7 March 2014 – JAKARTA, Indonesia – The Global Fund is expanding action on gender equality and emphasising the importance of saving the lives of women and girls through increased high-impact, gender-responsive investments to tackle HIV, TB and malaria.
As it observes International Women’s Day, 8 March, the Global Fund cited the health needs of women and girls as a central part of gender equality work that is essential to have significant impact on responses to AIDS, tuberculosis and malaria.
Evidence clearly shows that gender inequalities make women and young girls more vulnerable to acquiring the diseases, and to access care and other services. The latter is particularly true for key affected women, including women living with the diseases and those who are sex workers, who use drugs and who are transgender.
Discussions on gender equality were highlighted at a Board Meeting of the Global Fund that concluded today. Board delegations were briefed on the new Action Plan of the Global Fund Gender Equality Strategy. Women and men from diverse communities in India, Indonesia, Malawi, Myanmar and Zimbabwe spoke of their experiences with the Global Fund and urged leaders to translate words into action.
Over 50 representatives from donor governments, technical agencies and affected women met to determine strategy on concrete steps toward gender equality and to target the world’s health investments towards the populations who need them most.
“We are making progress towards the defeat of these diseases, and greater involvement of women will be key,” said Dr. Nafsiah Mboi, Chair of the Board of the Global Fund and a long-standing gender advocate. “This is an important challenge for all of us. It will require a collective effort from all our partners.”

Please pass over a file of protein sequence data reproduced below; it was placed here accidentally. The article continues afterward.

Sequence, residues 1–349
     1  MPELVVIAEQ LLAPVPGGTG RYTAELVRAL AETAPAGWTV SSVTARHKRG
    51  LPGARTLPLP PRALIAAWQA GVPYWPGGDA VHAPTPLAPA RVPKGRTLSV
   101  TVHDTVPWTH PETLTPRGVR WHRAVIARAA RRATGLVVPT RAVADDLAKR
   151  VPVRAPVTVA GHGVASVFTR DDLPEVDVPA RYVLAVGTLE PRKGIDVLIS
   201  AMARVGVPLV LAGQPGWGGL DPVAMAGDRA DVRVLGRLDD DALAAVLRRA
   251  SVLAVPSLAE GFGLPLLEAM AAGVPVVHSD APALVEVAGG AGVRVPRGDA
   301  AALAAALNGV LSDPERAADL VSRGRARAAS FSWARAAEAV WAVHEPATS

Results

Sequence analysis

Women and girls are disproportionately affected by HIV. Gender inequalities increase vulnerability to HIV through violence, including rape. So do unequal power dynamics between women and men, and unequal access to education and economic opportunity. These factors make HIV rates especially high among girls and young women in many countries.
TB is a leading infectious cause of death among women in low and middle-income countries, and can impact fertility as well as create major care and treatment challenges for women and girls. Most malaria cases strike children under five and pregnant women are also particularly vulnerable, because their immunity to the disease is diminished by pregnancy.
In many societies, women do not enjoy the same rights, opportunities and access to services as men. The Global Fund is committed to ensuring its grants support equal and equitable access to prevention, treatment, care and support for all those who need it most, including women and girls in all their diversity. Women’s rights are human rights, making gender equality a cross-cutting concern for all of the Global Fund.
“We have to do more on gender equality,” said Mark Dybul, Executive Director of the Global Fund. “There are many aspects to this work, and one of them is putting women and girls at the center of our health interventions.”
The Global Fund encourages frank, open discussion about gender equality, gender-based violence and sexual and reproductive health rights wherever appropriate. Its new funding model opens a number of opportunities and entry points for strengthened gender equality and for engagement of women affected by the diseases to ensure they are fully involved in dialogues and delivering programs.
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